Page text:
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This guide explains why and how to thin paint for sign painting and brush lettering. Using widely available thinners, ideal for oil and water based paints for brush and roller application.
Why should paint be thinned?
Paints differ in consistency. Heavy paints such as oil based wood primer often have a higher solids content. As such, less viscosity in the paint will make the brush or roller application tougher.
Knowing how much of which thinner to add is necessary to improve flow and finish. Therefore, understanding paints’ coverage and opacity will save you time and expense, as well as provide a cleaner, drag-free appearance.
Thinners can affect paint drying time too. Depending on temperatures and environments, thinners can increase or decrease drying time. They can also harden the coating faster.
Painting with oil based primers and undercoats
Primers are essential for painting opaque surfaces of untreated wood, MDF, plastic, and alloys. Primers adhere and begin to seal the surface, providing a base coat for further layers of paint. Your topcoat will be denser with a base coat below it.
Undercoats are middle layers. They’re not always essential but help solidify the layers and decrease visible brush strokes.
Stirring oil based primers and undercoats
Off the shelf, oil based primers and undercoats are often thick and heavy. Ensure the lid on the tin is secure, then shake the tin vigorously like a maraca. Allow the tin to sit for up to a minute whilst the paint drips off of the underside of the lid.
Shaking the tin of paint moves the heavy solids from the bottom. As well as mixing the oils inside the paint. It’ll also save you some arm strain before stirring the paint.
Remove the lid and stir the paint. Use a length of hardwood or wooden dowling plunged to the base of the tin. Stir gently, moving clockwise and then anti-clockwise. As you stir, you’ll feel the contents flow more freely. Ensure equal consistency throughout, and make sure that any oils or heavy solids are mixed thoroughly into the paint.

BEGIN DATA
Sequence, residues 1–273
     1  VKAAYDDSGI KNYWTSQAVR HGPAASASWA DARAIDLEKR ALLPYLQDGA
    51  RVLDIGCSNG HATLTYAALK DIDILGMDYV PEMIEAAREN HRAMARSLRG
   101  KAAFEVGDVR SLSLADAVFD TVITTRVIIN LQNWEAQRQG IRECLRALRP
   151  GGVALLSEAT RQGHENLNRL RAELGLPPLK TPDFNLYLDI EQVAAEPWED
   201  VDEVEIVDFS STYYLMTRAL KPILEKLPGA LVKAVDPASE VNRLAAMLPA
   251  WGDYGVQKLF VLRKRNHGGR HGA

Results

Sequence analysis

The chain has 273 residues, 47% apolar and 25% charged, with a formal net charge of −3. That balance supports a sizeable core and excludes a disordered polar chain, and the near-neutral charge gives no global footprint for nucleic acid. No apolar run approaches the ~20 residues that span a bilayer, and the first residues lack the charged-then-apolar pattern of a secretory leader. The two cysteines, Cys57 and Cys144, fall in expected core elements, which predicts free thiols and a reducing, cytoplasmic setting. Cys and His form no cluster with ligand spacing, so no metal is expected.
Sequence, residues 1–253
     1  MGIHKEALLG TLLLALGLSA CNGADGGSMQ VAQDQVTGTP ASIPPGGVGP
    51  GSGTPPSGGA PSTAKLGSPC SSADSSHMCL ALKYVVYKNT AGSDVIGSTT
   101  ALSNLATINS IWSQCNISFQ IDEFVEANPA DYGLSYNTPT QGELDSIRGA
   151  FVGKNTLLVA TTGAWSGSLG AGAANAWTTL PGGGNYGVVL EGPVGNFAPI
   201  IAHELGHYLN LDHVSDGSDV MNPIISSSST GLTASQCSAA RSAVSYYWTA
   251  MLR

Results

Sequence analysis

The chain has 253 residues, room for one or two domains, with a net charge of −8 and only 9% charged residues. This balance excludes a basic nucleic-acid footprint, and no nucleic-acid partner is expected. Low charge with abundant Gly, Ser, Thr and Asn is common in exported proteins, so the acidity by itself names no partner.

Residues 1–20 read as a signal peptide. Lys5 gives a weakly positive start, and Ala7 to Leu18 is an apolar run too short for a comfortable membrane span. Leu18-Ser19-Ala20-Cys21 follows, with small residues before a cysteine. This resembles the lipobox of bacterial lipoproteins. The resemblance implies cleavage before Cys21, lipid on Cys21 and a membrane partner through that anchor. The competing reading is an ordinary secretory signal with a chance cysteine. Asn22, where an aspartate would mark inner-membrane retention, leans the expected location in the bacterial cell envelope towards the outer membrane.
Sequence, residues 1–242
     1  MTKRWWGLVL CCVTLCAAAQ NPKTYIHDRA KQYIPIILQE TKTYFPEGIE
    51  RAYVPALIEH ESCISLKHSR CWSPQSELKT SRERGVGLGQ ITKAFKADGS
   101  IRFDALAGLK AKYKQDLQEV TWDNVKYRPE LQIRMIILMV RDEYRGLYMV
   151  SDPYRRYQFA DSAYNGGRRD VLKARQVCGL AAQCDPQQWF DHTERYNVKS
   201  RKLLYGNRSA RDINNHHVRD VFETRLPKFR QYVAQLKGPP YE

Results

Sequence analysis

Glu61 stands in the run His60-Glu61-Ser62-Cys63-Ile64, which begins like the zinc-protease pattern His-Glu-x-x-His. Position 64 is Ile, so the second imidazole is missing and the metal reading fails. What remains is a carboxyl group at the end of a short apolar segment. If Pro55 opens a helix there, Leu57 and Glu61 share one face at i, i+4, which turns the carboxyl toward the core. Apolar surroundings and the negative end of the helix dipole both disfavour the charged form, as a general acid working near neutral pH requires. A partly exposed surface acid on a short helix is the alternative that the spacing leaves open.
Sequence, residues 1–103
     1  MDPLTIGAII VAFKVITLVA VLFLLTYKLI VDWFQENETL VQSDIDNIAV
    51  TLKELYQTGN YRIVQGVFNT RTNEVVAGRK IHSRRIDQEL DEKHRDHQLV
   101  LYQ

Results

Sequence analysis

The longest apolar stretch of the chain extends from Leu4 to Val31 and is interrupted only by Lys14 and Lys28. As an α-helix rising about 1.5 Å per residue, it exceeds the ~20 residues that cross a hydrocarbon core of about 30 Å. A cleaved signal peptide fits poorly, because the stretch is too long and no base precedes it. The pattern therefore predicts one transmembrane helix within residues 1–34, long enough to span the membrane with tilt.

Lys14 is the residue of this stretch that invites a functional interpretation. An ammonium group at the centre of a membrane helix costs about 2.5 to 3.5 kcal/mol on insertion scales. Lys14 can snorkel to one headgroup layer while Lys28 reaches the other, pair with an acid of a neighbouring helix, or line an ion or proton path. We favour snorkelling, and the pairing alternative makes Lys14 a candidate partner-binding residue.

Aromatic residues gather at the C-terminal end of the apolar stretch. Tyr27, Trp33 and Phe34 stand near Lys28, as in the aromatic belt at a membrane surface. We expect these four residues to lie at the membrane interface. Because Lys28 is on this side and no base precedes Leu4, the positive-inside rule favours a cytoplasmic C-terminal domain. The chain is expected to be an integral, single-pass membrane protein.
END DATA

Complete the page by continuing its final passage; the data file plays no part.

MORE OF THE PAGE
Thinning oil based primers and undercoats
You’ll feel the fluidity of the paint when stirring. Once you’re satisfied the paint is stirred and no oils are visible, you can assess whether it requires thinning. If the paint’s consistency is like single cream, it should be good to use without thinning.
Use white spirits, mineral spirits, turps, or specific oil based paint thinner for thinning oil based paints.
Thin the paint if it strains your wrist when stirring. Thin it if you feel the paint dragging when you begin painting on your surface. Or when working in temperatures higher than room temperature and direct sunlight. You may also have to thin the paint whilst painting larger areas, as the paint can become thicker when working with it. You may also have to wash your brush every so often too.
As always, read the paint manufacturer’s directions and ask advice from your paint merchant whenever possible.
Pour the thinner through a funnel into a clean sports drink bottle. A rinsed out washing detergent bottle is ideal too. The drip lids on these types of bottles help drip small amounts of thinners.
There isn’t a sure ratio for thinners to paint, as some paints are thicker than others.
Add thinners sparingly
Start with a small amount of thinner and stir gently. The thinner will sit on top of the paint until it’s stirred in. Be careful not to stir vigorously as the thinner can splash out of your paint pot.
Judge each added increment whilst stirring. When you feel the consistency is right, you’ve hit the sweet spot. If you’ve added too much thinner, add a small amount of clean paint and continue to stir.
Be cautious when using autobody paints thinners with oil based paints. Cellulose thinners, reducers, and accelerators can all have adverse effects with standard oil based paints. Test paint a sample to assess how long the paint dries and if it leaves an orange peel finish. If the paint sags with autobody paints thinners added, wash off and start again with fresh paint.
Straining oil based paints
Oil based paints are prone to skinning inside the tin. Especially with loose fitting lids. Try to keep the rim of the paint tin intact and avoid damaging the rim when opening or replacing the lid.
When the paint is exposed to air, a skin of paint will form on top of the liquid. Sometimes, congealed paint attaches to the underside of the skin. If the exposed paint is left for weeks or months, it’s liable to become winded. Winded paint is when the liquid turns rubbery and will not stir freely. Winded paint is useless and should be disposed of sensibly.
Straining paints for sign painting